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— by mindflash
I recently attended the American Society for Training and Development’s 2012 TechKnowledge conference, where over 1,200 attendees and 70 exhibitors got together in Las Vegas to talk about training, do some networking, and discuss the future of learning and technology.
One theme that resonated most for me was the increased emphasis on data and data analysis — or what’s being called Big Data. This isn’t the traditional, Kirkpatrick-style learning data most people think about, like post-workshop evaluations and test scores. Big Data is a term that you may not of heard of before but will hear a great deal of in the near future. In his recent New York Times piece, “The Age of Big Data,” Steve Lohr explains Big Data this way: “What is Big Data? A meme and a marketing term, for sure, but also shorthand for advancing trends in technology that open the door to a new approach to understanding the world and making decisions. There is a lot more data, all the time, growing at 50 percent a year, or more than doubling every two years, estimates IDC, a technology research firm.”
Big data doesn’t just describe the volume of data being collected, though that is part of the equation. It refers to brand-new types of data being collected that were previously unavailable, but that can now be analyzed thanks to rapid advancements in computer processing power, providing us with new answers to questions about how people learn and digest information.
Consider many of the automobiles you now see on the road. Years ago, when I would get my car serviced, it was often a manual — and time-consuming — process for the mechanic just to determine what was wrong with the engine. The last time I took my car to the mechanic, however, he was able to access the computer in the car and generate a report collected from data that hundreds of sensors throughout the vehicle picked up. That data enabled him to quickly determine the problem, and offered a solution.
The data collected by a car’s computer also provides a good example of how Big Data can impact an area that’s near and dear to the heart of learning professionals: performance support. For instance, I’m fairly skilled at parallel parking, but when a space is really small, I’ll likely call upon “performance support” to assist me with the task (in this case, my wife, who steps outside and lets me know how much room I have).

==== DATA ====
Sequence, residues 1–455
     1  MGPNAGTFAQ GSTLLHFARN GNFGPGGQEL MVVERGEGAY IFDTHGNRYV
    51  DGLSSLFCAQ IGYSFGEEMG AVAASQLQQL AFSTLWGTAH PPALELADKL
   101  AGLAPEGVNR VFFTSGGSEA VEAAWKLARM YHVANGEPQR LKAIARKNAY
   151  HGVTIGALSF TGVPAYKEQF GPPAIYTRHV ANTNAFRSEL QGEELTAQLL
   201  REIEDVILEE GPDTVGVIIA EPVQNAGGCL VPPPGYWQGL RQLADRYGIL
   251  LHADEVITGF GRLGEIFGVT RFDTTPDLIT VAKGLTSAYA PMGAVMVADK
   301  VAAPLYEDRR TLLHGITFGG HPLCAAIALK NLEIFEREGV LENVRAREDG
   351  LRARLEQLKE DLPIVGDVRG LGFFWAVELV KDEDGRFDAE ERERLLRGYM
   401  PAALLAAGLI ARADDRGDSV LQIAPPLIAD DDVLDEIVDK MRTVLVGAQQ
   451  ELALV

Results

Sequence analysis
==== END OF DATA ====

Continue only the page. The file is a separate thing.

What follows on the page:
In my father-in-law’s car, though, the moment the car’s put in reverse, the dashboard shows a wide-angle video display of the rear of the car. Overlayed on the video image is a green/yellow/red distance guide that lets me know how close I am to the car behind me. The computers and sensors collecting data and responding to it in real time weren’t available even a few years ago. But now, they provide a great example of performance support, generated by Big Data.
Many of these technological advances have not yet reached the learning field, but that parking example very well represents the change Big Data will have on the industry. My wife stepping out of the car to assist me with parking is metaphorically what we have now — a need for performance support, which is where the learning and performance professional comes in. The problem right now is that by the time we develop and provide the tools to help our learners, it’s often too late to help them solve their immediate problems. Further, the support we provide often involves a stoppage of work.
Now imagine a workplace system in which computers could analyze every action a worker makes, and respond in real-time, sensing when a worker required support and identifying the appropriate support tool right away, within the task’s workflow. Big Data could make that possible.
In addition to providing work-based performance support, Big Data will also enhance our formal learning programs. New data analysis systems will be able to better track the user experience so that we’re not just measuring if someone selected the right answers at the end of a module. We’ll instead be able to track the journey the employee took during the learning experience, seeing where they might have gotten stuck, where things might have been too easy, and how effectively they are able to apply a skill.
It’s not science fiction; it’s actually happening today. Just this month, a report from the WICHE Cooperative for Educational Technologies suggested that new students are more likely to drop out of online colleges if they take full course loads than if they enroll part time. This finding, which challenges long-term assumptions about college drop-outs, was only possible because of a research project using Big Data analysis.
That report shows that the impact of Big Data has already arrived in academic education, so it’s arrival in corporate education cannot be far behind.
David Kelly is the director of training at Carver Federal Savings Bank and ember of the ASTD National Advisors for Chapters. He is also the author of the blog Misadventures in Learning, where he discusses the future of the learning field and curates the backchannel of learning conferences.
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